In "48 Hours" Presents: "The Spymasters - CIA in the Crosshairs," all 12 living directors of the agency talk openly about tough calls they've had to make, the controversies they've faced and what it takes to be a master spy. The directors, and top operatives, were photographed by Pulitzer Prize-winning photographer David Hume Kennerly, who is one of the executive producers of the documentary.
George H.W. Bush served as Director of Central Intelligence for the Ford Administration from 1976-1977. He then went on to become the 41st President of the United States.
Credit: David Hume Kennerly
Admiral Stansfield Turner, U.S. Navy
Served as Director of Central Intelligence (DCI) during the Carter Administration from 1977-1981. Turner, a Rhodes Scholar, was commander of NATO's southern flank when he was tapped by Naval Academy classmate Jimmy Carter to become the director of the CIA.
Served as Director of Central Intelligence during the Reagan and George H.W. Bush Administrations from 1987-1991. He was also director of the FBI and a federal judge. Webster helmed the CIA as it transitioned from the Cold War era to post-Cold War as the Soviet Union underwent changes and ultimately collapsed in 1991.
Served as Director of Central Intelligence during the Clinton Administration from 1993-1995. Woolsey was Under Secretary of the Navy 1977-79 and in the 80s was a delegate to the U.S. - Soviet Strategic Arms Reduction Talks.
Served from 2006-2009 as the third CIA director in the George W. Bush Administrations. During his tenure, he removed all suspected terrorists from "black sites" -- CIA-controlled facilities that were used to house and interrogate.
General Petraeus served the Obama Administration for just one year from 2011-2012. He resigned abruptly from his position as director of the CIA because of an extramarital affair. Petraeus attended West Point, then Princeton University earning a doctorate in International Relations. He returned to military service in 1987, rising the ranks to full general in 2007.
He was Commander General of the Multi-National Forces in Iraq from February 2007-2008. Petraeus served as Commander of U.S. Forces in Afghanistan and Commander of the International Security Force in Afghanistan from 2010-2011.
Appointed in 2013, Brennan is the current director of the CIA. Before that, he was deputy director under George Tenet.
Brennan was at the CIA for 25 years and then left to become Chairman of Intelligence and National Security Alliance and the CEO of Analysis Corporation. He returned to government in 2009 as Homeland Security Advisor and was there until he became Director at the CIA.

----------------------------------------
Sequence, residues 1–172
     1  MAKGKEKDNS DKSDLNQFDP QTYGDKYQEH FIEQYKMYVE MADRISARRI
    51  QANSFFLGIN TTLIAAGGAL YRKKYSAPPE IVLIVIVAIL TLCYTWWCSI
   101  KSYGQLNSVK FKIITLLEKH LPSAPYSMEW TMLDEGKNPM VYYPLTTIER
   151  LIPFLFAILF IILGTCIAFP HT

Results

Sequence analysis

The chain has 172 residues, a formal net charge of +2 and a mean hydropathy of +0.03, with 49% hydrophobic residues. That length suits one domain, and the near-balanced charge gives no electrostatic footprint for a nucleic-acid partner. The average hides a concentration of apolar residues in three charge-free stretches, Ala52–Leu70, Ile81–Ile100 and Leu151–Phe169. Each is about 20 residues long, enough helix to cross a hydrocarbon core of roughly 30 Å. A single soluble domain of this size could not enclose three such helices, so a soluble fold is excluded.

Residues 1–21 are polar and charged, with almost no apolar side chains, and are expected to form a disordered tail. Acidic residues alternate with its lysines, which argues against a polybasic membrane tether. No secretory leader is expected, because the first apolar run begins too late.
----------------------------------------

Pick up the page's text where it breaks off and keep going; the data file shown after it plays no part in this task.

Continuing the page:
As CIA director, Brennan has helped to steer America's drone campaign.
Morell served as an acting director twice: first, in 2012, under the Obama Administration during the time following the resignation of CIA Director David Petraeus, and a second time for four months in 2013,prior to the appointment of current director John Brennan.
Morell started at the CIA in 1980. He was President George W. Bush's daily briefer on Sept. 11, 2001. Following his 30 years of service, Morell joined Beacon Global Strategies and has also serves as a CBS News consultant.
Bennett is a senior counterterrorism analyst for the CIA. She started her career in 1998, and worked as part of a team of analysts who for years tracked Osama bin Laden. Bennett authored a book: "National Security Mom."
Black was director of the Counterterrorism Center from 1999-2002. He worked at the CIA from 1974-2002. Black then went to work for the Department of State as the Ambassador and Coordinator for Counterterrorism until 2005. He worked for Blackwater Worldwide and most recently for Blackbird Raytheon Technologies Inc.
Served as director of the Counterterrorism Center 2002-2004.Rodriguez worked for the CIA from 1976-2008. He ran the "enhanced interrogation program" which employed as one of its techniques: waterboarding. Rodriguez takes responsibility for erasing videos of the waterboarding interrogations, he says, to protect his agents. In 2012, he wrote the book "Hard Measures: How Aggressive CIA Actions After 9/11 Saved American Lives."
David Hume Kennerly won the 1972 Pulitzer Prize for his photos of the Vietnam War and then served as President Gerald R. Ford's personal photographer. He was named, "One of the 100 Most Important People in Photography" by American Photo Magazine. Kennerly is an exectitive producer of "The Spymasters - CIA in the Crosshairs."